A couple of years ago, the NYT had a great piece that talked about the moral hazard that copay cards and other discount programs represent when they are applied to brand name drugs with generic equivalents widely available. So far, I’ve never been faced with that particular moral hazard, but it is worth knowing and understanding some of the less transparent pricing forces in the health care/health insurance industries.


Are you getting the best deal possible on your prescriptions? What are some of the tactics that you use to get the best prescription prices?

33 comments to Are You Overpaying For Prescriptions?

  • It definitely pays to shop around. I take prilosec daily for acid reflux, and a few years back my insurance company jacked my co-pay up to $50. I looked online and at a few different pharmacies, and finally found that I could get the same amount of the generic equivalent at Costco for like $15. That’s a huge savings on a medicine that I take daily.
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    • That is a big savings. I have heard good things about Costco’s pharmacy prices, but so far for what I use they are no better than places closer to our house.

  • So, did you share your secret with your co-worker?

  • I can say I fall into just always saying call it in to my regular place. I never think to even look to see if someplace has it cheaper. I need to get better at this. the convenience has been a major part of it as the pharmacy is less then 2 mins away.
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  • Back in October, I paid $83 for a three month supply of my prescription. The price seemed high, but this was my first time taking this medication and I was a bit nervous about the whole thing, so I never questioned the cost…I just figured that was how much this prescription cost. I later realized that the pharmacy didn’t have my updated insurance on hand, so I was charged for the prescription as if I didn’t have insurance coverage. Turns out that there is no co-pay at all for my prescription, thanks to the ACA. That was $83 down the drain…I felt like an idiot!
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    • Ooh, that’s painful. Will your insurance cover it retroactively? One of my Rx is supposed to be Copay free starting this month for ACA, and I’ve been told if it doesn’t go through correctly, to pay it and they will reimburse me after the fact.

  • I honestly never thought about getting coupons for medication. I’ve always just paid what the Target pharmacist told me to. It’s certainly worth at least Googling to see whether or not discounts are available.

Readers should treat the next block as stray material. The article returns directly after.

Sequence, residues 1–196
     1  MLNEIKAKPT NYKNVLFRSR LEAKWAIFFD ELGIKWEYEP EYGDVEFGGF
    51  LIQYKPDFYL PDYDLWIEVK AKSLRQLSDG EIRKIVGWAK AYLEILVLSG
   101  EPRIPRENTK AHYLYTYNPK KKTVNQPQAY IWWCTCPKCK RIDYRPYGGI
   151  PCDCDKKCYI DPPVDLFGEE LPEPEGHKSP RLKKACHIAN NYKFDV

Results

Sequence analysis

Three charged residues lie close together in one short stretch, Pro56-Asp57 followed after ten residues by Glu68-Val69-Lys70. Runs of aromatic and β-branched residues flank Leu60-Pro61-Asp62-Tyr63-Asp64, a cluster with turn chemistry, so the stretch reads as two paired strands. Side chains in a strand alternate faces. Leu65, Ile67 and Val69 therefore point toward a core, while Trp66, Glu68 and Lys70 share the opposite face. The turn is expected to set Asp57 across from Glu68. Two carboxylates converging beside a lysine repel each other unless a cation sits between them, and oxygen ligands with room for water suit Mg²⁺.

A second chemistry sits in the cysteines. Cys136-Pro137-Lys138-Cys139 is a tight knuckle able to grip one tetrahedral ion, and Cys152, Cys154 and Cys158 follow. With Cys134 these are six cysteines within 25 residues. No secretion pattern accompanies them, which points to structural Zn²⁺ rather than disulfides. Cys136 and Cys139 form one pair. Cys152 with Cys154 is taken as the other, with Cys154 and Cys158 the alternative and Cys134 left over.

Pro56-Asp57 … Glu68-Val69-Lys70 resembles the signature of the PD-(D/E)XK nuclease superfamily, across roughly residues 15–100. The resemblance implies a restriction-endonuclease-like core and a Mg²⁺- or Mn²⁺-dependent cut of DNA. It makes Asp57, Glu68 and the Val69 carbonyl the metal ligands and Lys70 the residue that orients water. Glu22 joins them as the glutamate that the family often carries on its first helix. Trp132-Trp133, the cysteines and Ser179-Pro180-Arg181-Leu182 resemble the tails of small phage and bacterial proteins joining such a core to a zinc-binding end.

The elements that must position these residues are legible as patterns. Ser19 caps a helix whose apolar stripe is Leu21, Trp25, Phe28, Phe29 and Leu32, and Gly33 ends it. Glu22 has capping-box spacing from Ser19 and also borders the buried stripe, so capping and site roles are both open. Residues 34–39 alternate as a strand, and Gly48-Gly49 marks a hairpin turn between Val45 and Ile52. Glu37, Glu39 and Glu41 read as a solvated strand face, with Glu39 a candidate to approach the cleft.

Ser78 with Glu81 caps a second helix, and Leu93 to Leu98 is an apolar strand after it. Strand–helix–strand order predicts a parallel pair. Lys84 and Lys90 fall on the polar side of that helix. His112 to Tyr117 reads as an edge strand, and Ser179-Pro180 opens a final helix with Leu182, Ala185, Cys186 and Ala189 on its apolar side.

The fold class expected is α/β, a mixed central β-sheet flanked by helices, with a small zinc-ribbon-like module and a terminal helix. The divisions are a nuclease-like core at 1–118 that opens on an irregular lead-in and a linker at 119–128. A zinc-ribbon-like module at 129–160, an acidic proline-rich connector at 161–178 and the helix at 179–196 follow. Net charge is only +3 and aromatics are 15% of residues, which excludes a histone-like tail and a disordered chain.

For a while I was on a medication that cost my insurance company something like $10,000 a pop and all I had to pay was $100. There can certainly be some strange incentives when other people are paying for your stuff…
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    • $10k! Holy cow!
      There aren’t discounts for every prescription, but a lot of the brand name ones do have a discount program.

  • Your insurance company may not be paying full freight. Different insurance companies bargain with different drug companies for discounts. That means they have different “formularies”. So if your insurance company has 3 tiers of copay, one for things outside the formulary, one for things on the formulary, and one for generics, that’s why– the insurance company is using their bargaining power to get lower prices on some things but not others. And when they change their formulary, it can be a big pain because you may end up paying more or switching to a different medication for the same thing.
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    • You’re right, the insurance company would be bargaining for bulk pricing. My plan has 3 tiers and what I’ve been hit by with twice is when a brand name med goes off patent, but the generic is unavailable due to patent litigation. For us, this shoots the brand name med to the most expensive tier, but the generic is unavailable so you get stuck…

  • Ivy

    Very timely article for me
    I have even higher stakes here. Our own insurance is good, with low copays and it’s not worth the hassle to apply those strategies. However, for 3 years now I have been buying a specific medication for my father who lives abroad and it’s not available there (long story short the Rx company had to change suppliers and until they get the new one qualified they just stopped supplying the small markets, and the Gx alternative was not approved for Europe). The situation is not yet resolved and it’s a life-saving medication, I mean people actually died because they couldn’t get it and the alternatives were not right for them.
    My father doesn’t live here but he had a prescription which a doctor friend kindly calls in for us once a year to our local CVS. The price was quite steep – $120 monthly for generic and when it’s not in stock $200 for branded. I was paying it without looking for alternatives first because I was not aware they exist as you say above, and second because I didn’t want to further inconvenience the doctor. However, last 5 months the CVS was out of it as well, causing me no end of worry, when they finally received it last week, I snatched a year-worth of supply for over $1500. The sheer amount made me consider that maybe I should look around both for price and for contingency options if they run out again. So I had a friend who shops at Costco check with their pharmacy, and guess what, they did have it, and it was almost half the CVS price!